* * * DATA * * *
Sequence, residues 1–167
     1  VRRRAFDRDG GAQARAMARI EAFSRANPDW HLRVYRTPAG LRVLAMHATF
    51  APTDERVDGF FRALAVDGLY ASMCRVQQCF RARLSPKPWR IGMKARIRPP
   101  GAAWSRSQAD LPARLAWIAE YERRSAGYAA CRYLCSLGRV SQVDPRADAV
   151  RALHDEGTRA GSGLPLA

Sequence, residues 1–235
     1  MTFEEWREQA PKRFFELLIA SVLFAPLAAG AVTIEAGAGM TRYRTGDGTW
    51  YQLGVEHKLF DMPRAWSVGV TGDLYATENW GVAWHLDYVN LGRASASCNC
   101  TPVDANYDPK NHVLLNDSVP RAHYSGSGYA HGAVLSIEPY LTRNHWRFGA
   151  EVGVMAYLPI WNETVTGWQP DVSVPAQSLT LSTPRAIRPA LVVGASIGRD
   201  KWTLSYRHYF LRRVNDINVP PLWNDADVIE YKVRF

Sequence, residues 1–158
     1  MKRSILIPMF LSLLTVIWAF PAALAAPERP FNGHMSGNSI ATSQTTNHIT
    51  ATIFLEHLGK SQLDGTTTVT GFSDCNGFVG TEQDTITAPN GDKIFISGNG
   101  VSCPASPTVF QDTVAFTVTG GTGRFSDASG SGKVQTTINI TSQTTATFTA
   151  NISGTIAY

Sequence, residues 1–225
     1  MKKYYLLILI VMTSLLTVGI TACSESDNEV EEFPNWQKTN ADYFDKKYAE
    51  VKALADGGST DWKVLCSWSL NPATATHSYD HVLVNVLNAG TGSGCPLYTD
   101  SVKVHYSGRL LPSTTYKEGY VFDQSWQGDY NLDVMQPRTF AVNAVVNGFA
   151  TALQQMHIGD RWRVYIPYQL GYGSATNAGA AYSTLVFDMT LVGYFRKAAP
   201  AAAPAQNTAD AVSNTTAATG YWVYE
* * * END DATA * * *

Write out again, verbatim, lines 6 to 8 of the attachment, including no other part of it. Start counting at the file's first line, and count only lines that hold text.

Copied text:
Sequence, residues 1–235
     1  MTFEEWREQA PKRFFELLIA SVLFAPLAAG AVTIEAGAGM TRYRTGDGTW
    51  YQLGVEHKLF DMPRAWSVGV TGDLYATENW GVAWHLDYVN LGRASASCNC